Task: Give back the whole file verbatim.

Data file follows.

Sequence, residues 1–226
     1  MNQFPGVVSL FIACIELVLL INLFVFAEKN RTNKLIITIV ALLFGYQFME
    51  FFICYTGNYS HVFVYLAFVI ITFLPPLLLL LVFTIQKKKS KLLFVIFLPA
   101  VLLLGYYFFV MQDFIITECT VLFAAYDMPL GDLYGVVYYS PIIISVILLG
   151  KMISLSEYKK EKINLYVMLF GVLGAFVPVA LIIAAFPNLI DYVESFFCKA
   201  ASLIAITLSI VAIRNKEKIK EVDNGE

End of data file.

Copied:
Sequence, residues 1–226
     1  MNQFPGVVSL FIACIELVLL INLFVFAEKN RTNKLIITIV ALLFGYQFME
    51  FFICYTGNYS HVFVYLAFVI ITFLPPLLLL LVFTIQKKKS KLLFVIFLPA
   101  VLLLGYYFFV MQDFIITECT VLFAAYDMPL GDLYGVVYYS PIIISVILLG
   151  KMISLSEYKK EKINLYVMLF GVLGAFVPVA LIIAAFPNLI DYVESFFCKA
   201  ASLIAITLSI VAIRNKEKIK EVDNGE